Dying To Live

“Don’t move! Just sit perfectly still and everything will be okay.”

I have been talking to myself like this for hours now, and I am not getting any better. I feel like I am dying.

How can I possibly explain the aftermath, the devastation that chemotherapy leaves in its wake?! To describe the indescribable? I have but only ineffective human words at my disposal.

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Have you ever have such a bad headache or migraine that you thought to yourself, “If I lay perfectly still and try not to think or move, then it won’t hurt so much.”?

Or, have you been so sick, so nauseous that you thought to yourself, “If I don’t move, if I am perfectly still, I won’t throw up again.”?

Or, have you been so sick, so ill with no end in sight, that you broke down crying, begging God to take you right then and there, to end your suffering?

All three combined, pales in comparison to how I am feeling as a result of my chemotherapy. I thought I was ready. I thought I knew what to expect. Nothing could be further from the truth! Nothing could have prepared me for this.

My body is shaking, vibrating at a very high rate of speed. I am terrified that, if I let my guard down for even one second, I will literally split apart at the seams and die.

It is like my immune system is in overdrive, all hands on deck, scrambling in every direction to keep my body alive. But what can they do? It is a full frontal assault. A sickness like none I have ever experienced before.

The sensation of walking from one room to another is bizarre. Part of me is fighting to disconnect from my body. I don’t want to feel this! I don’t want to go through this! I am floating outside my body.

Then I pull myself back in to my body. I don’t want to abandon my body again! I can’t apologize enough to my body. Leaving and reentering my body is making me dizzy!

I am on three different anti-nausea medications in preparation for this moment in time. They aren’t helping! It is taking every ounce of strength I have not to throw up. In the back of my awareness, there is the knowledge that once I start I may never stop, Maybe it is just fear. It is as if I can feel each and every cell in my body as it dies.

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And, that is literally what is happening. Chemotherapy does not target cancer cells. That is a common misconception that people have. Chemotherapy is a blanket therapy that targets fast-growing cells, which includes cancer cells. Just imagine for a moment all the areas of your body, including your organs, that have fast-growing cells. All are negatively impacted by chemotherapy.

So now I sit, frozen, hour after painful hour. I am waiting for the moment, that moment when you know you have turned the corner and are on the mend. The moment never comes. The minutes turn in to hours. The hours turn in to days.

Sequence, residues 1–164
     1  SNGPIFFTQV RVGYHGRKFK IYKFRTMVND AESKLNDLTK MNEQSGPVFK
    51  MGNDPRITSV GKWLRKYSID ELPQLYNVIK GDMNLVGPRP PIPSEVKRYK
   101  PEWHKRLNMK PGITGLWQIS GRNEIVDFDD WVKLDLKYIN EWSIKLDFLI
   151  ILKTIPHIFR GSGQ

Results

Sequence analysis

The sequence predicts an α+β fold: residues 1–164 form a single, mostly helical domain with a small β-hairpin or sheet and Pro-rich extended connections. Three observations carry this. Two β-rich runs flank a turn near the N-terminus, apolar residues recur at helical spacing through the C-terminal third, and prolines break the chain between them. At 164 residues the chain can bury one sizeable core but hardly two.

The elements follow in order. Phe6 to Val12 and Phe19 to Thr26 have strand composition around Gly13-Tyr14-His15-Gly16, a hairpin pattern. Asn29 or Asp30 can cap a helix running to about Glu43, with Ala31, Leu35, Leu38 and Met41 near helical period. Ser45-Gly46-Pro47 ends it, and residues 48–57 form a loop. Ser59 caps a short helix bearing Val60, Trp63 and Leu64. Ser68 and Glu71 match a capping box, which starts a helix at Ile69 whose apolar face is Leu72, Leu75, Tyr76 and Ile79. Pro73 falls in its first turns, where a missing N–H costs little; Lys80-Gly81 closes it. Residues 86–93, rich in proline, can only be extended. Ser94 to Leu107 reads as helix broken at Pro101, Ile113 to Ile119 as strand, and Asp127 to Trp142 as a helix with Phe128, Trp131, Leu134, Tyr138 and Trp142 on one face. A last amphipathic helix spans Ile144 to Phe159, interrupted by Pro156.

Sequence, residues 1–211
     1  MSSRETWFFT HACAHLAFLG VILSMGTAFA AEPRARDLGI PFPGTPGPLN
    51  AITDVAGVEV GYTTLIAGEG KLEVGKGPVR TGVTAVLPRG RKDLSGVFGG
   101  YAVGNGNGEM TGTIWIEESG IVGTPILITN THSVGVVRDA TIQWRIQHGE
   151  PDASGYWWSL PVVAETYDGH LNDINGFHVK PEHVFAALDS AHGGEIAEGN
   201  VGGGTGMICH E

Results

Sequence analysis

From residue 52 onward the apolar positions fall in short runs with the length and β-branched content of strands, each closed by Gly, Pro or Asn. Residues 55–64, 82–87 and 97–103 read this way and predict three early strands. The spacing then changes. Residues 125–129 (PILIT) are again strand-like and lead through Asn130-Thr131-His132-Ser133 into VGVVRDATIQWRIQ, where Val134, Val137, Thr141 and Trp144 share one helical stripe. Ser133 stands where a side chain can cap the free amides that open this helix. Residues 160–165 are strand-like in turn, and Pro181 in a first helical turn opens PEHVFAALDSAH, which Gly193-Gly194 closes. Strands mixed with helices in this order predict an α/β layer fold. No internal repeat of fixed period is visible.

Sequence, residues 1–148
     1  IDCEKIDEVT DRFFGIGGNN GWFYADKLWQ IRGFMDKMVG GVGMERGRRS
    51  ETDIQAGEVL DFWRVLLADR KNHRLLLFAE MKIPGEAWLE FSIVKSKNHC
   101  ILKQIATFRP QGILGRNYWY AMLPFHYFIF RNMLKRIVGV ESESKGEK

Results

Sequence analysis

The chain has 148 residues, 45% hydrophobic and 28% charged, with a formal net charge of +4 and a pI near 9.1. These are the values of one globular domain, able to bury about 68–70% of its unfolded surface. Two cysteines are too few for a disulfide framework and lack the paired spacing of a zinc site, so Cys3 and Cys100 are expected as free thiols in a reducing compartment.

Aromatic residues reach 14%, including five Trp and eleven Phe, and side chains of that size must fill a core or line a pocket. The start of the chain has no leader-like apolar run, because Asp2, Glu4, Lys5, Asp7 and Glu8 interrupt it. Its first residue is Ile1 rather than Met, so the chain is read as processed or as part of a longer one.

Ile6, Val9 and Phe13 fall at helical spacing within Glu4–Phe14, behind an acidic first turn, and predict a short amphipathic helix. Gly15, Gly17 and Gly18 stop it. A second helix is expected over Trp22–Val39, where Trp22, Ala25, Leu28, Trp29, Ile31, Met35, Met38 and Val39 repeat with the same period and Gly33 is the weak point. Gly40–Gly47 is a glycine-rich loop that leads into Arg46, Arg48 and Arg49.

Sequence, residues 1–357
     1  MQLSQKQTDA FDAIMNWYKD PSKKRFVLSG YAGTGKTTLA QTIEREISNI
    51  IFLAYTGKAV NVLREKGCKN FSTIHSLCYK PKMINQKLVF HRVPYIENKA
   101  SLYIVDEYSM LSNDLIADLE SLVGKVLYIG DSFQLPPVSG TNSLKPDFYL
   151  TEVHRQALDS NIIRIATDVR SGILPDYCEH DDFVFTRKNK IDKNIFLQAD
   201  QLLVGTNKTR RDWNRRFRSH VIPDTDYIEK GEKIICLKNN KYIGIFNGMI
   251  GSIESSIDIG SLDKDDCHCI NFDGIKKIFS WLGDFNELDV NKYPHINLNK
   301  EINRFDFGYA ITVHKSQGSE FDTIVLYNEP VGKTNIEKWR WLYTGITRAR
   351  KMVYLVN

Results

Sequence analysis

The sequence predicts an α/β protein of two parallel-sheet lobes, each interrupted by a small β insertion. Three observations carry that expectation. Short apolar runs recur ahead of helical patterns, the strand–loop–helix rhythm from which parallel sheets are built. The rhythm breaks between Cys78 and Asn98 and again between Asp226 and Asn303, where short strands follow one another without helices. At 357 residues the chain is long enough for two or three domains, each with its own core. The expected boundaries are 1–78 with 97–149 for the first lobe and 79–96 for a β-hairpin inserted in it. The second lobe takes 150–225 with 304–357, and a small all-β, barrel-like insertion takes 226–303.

I can’t tell you who has been here, who has visited me, or anything else for that matter. I just don’t remember. My whole focus is on survival. Living through one minute, one hour, one day.

In some ways, it reminds me of how I felt, fighting for my life in the hospital after a botched cancer surgery in 2006 though, even that pales in comparison to how I am feeling post chemotherapy.

I haven’t complained. For how can I! My suffering has been self-induced. Yes, you have heard me right. There have been a lot of well-intentioned but fear-based opinions and even fear mongering. But, in the end, I chose to proceed with the chemotherapy. I made the decision. I have no one to blame but myself.

What have I done?! God, what have I done?!

This has got to be the the most difficult post I have written to date. There have been many weeks of procrastination leading up to today. This pivotal moment in my life that happened almost two years ago is still heavily charged with emotion. Even now, I don’t really want to remember what I went through. I don’t want to look in the rear view mirror. I don’t want to remember the feeling as my body cried out my betrayal. My self betrayal. The abandonment of my Self to the opinions of others.

Even now, reading over the post that I have just written, I realize that my words are so inadequate. They have not come close to describing the sensations and the emotions I have lived through, knowing that I consciously poisoned myself.

As I look back, it is hard to believe, even now, that what was my darkest hour has actually turned my life towards the light.

I am ready to move forward. I am ready and willing to forgive myself.

I am sorry.
Please forgive me.
I love you.
Thank you.

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About the author

Nina Andersen

The Inconvenient Messenger

I was diagnosed with stage three breast cancer in 2014. I turned away from conventional medical treatment and chose instead to treat myself successfully with natural, holistic, traditional medicine.

I believe that,
we can let cancer fill us with fear,
we can fight against cancer with all that we have,
or we can embrace cancer for
the inconvenient messenger that it is.
The choice is ours.

I invite you to join me on my cancer journey as I share my experiences and the powerful messages I have received along the way about life and living.

Copyright © 2017. Created by The Inconvenient Messenger.